A Protest to Save Endangered Airplane Animals

The protestors were angry. "Save our tails!" they shouted. Another shook a sign at the onlookers. "Let Flip Fly," it demanded. Clearly, this was not your average demonstration.

But I suppose you could say that Frontier - the focus of all this attention - is not your average airline. At least, not to the people of Denver, the city this low-cost carrier calls home.

Coloradans (and others) are proud of the scrappy little carrier, which has been in and out of bankruptcy - yet still soars over the Rockies, and still retains something of the spirit of the Old West (sure, they'll be happy to transport your rack of antlers, if you cover the tips, and fork over the $100 fee).

But what people love most about the airline - or so it seemed last Friday as they shouted and waved their signs - is Frontier's animals. Those pictures of wildlife that adorn the airline's tails, including the aforementioned Flip the Bottlenose Dolphin, Jack the Rabbit, Larry the Lynx, Grizwald the Bear and 58 other creatures.

So what, you may be thinking. If so, road warrior Rusty Dornin, with the D.C.-based media firm NewsCertified Exchange begs to differ; she says, the animals make you smile - and how many smiles do you see while traveling nowadays? "The airlines these days are so dull and dehumanizing," says Dornin. "Frontier's animal art is a like a breath of fresh air."

Unfortunately, Frontier and its fans may soon be saying goodbye to Griz and his colleagues because Frontier may not be Frontier much longer. These days, it's owned by Republic (which also bought Midwest Airlines) and there's a distinct possibility that the corporate overlords may combine the two popular names to create a whole new airline with completely revamped branding.

Which could mean there will no longer be room for Rudy the Raccoon or Charlie the Cougar or Andy the Antelope. And them's fightin' words, hence the rally. Or is this just sentimentality carried to extremes?

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Animals Make Great Advertising Icons

You have to remember that people are passionate about animals; in fact, the only time I get more comments on about pets on my blog, is when I write about children screaming on planes (and then you really see the fur fly - pun unintended).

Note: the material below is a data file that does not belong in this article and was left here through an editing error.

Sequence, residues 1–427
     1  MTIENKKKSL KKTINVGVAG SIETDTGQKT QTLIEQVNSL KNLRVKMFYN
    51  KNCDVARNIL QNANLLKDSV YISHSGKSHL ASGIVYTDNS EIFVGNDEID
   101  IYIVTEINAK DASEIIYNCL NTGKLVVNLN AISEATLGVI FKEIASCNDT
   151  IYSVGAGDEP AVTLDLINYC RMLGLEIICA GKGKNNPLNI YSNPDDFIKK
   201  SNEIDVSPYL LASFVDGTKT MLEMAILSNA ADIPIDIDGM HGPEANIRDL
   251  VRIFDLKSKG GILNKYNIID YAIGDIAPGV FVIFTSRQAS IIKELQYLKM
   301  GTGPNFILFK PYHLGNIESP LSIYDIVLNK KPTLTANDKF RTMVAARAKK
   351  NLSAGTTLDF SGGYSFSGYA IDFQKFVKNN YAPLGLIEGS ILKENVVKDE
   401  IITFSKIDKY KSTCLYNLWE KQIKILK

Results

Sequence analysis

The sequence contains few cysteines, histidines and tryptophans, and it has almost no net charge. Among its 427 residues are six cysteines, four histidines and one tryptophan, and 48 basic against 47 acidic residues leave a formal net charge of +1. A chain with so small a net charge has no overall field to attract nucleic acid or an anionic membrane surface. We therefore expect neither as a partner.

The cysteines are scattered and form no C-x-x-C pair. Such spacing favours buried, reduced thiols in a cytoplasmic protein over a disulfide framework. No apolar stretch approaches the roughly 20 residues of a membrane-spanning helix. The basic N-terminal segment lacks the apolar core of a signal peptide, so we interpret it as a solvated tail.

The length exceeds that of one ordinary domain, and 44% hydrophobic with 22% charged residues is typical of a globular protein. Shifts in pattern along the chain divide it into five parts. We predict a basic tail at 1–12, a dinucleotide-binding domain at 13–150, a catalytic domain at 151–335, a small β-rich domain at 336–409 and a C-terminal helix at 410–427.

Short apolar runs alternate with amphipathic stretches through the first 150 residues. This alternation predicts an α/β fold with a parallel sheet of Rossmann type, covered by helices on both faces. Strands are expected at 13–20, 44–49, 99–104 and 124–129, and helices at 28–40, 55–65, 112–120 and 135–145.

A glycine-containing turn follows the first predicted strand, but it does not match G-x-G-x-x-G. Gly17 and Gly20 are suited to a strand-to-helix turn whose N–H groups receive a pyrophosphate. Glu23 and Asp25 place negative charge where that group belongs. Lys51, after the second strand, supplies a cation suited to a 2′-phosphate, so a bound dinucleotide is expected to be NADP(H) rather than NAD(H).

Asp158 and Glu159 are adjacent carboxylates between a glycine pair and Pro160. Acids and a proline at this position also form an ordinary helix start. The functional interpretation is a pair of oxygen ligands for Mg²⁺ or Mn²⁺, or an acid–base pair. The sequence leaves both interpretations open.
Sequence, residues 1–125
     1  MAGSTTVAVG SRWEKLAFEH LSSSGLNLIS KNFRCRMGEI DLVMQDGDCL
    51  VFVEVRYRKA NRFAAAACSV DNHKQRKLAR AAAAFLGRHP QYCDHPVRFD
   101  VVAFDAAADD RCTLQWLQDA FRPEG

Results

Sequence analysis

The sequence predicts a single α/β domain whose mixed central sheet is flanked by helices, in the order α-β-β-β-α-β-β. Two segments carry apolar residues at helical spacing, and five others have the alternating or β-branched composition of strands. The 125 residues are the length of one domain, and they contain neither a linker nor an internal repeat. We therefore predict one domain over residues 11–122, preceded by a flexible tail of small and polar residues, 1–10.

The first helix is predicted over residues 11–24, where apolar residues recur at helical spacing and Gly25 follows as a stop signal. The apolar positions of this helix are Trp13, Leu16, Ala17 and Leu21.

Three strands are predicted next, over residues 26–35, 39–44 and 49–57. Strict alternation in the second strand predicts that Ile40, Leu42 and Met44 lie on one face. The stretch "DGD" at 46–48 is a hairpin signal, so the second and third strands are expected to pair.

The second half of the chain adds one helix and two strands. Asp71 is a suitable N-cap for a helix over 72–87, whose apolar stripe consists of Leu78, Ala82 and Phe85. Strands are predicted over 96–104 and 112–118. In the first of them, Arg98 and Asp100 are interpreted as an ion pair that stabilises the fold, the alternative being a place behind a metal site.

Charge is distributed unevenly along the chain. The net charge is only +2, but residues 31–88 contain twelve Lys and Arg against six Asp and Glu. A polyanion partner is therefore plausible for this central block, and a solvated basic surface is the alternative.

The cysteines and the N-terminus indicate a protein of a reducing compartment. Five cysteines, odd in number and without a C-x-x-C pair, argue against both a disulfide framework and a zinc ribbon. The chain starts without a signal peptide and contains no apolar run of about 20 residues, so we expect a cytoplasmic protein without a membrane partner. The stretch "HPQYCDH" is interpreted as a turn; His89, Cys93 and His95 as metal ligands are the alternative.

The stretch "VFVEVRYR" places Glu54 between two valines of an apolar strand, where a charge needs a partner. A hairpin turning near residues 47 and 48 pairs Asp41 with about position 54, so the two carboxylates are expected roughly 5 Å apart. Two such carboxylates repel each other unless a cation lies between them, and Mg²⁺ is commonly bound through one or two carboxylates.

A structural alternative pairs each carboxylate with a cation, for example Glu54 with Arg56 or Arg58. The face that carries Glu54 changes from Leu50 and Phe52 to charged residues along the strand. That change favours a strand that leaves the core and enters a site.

And face it, four-legged fauna are great corporate symbols. Consider that three of Advertising Age's Top Ten Advertising Icons of the Century are animals: these include Tony the Tiger, the Energizer Bunny and Borden's Elsie (the rest are "humans" like the Marlborough Man, Ronald McDonald, the Green Giant, Betty Crocker, Aunt Jemima, the Michelin Man and the somewhat unclassifiable Pillsbury Doughboy).

Other carriers have had great success with animals; just look at Qantas and their kangaroo-emblazoned tails; sure, the logo has evolved over the years (the marsupial used to be pictured with wings) but it's still there, a steady and reassuring presence. Besides, they have koalas waiting in the wings if the kangaroo ever gets too demanding.

Yes, there's nothing like a touch of warmth to defrost the coldest of corporate images - even if it seems, well, a little nutty. I mean, Larry the Lynx? But go back even farther, to those painted "smiles" that once graced the planes of now-defunct PSA airlines: you looked at them, and it was hard not to grin back.

Quick: anyone remember Delta's not-so-long-ago leonine mascot, Dusty the Air Lion? Say "air lion" real quick and you'll be groaning in no time.

But the trend these days is for a starker, sleeker, more modern corporate character - something Frontier pilot Janet Elliott finds so impersonal and unappealing. "We've built an emotional bond with this brand and the animals," she says. "It's not just the paint job."

Will Protests Manage to Save Frontier's Animals?

She's got that right, in more ways than one. The animals aren't painted on; they are actually stuck on.

The following details are from Frontier's website: "Images are printed on adhesive-backed vinyl that is similar to contact paper. The image is tiled in 18 to 20 panels [each roughly 3 ft. by 8 ft.]. After all the tiles have been applied, the tail is covered with two coats of clear coat to seal the image and prevent corrosion. Any panel that gets damaged may be replaced individually."

By the way, the panels are printed in Denver and applied in Germany. Which reminds me: there's currently a video floating around YouTube, featuring a scene from "Downfall", the 2004 film about the final days of the Third Reich; but, the subtitles have been changed so that a ranting Hitler now vents about the loss of Frontier's critters. "And what do we tell Griz Bear?" rages the "Fuhrer" who then predicts, "He's going to tear someone a new one!"

On second thought, maybe it's better that the animal fans stick with waving signs and non-violent protests as opposed to having that Hitler on your side.

So what's next? Well, I'm just waiting for news of a rally in Milwaukee, in defense of Midwest's signature chocolate chip cookies. But perhaps that's a column for another time.

There is talk that Frontier's owner, Republic, may come to a decision on the airlines - and the animals - sometime in April. For Flip and his associates, I hope it all works out. Otherwise, they'll be headed to the Old Icons Retirement Home, where they can sit on the porch with Speedy Alka-Seltzer, the Frito Bandito, Mr. Whipple, and the Taco Bell Chihuahua - and reminisce about the days gone by.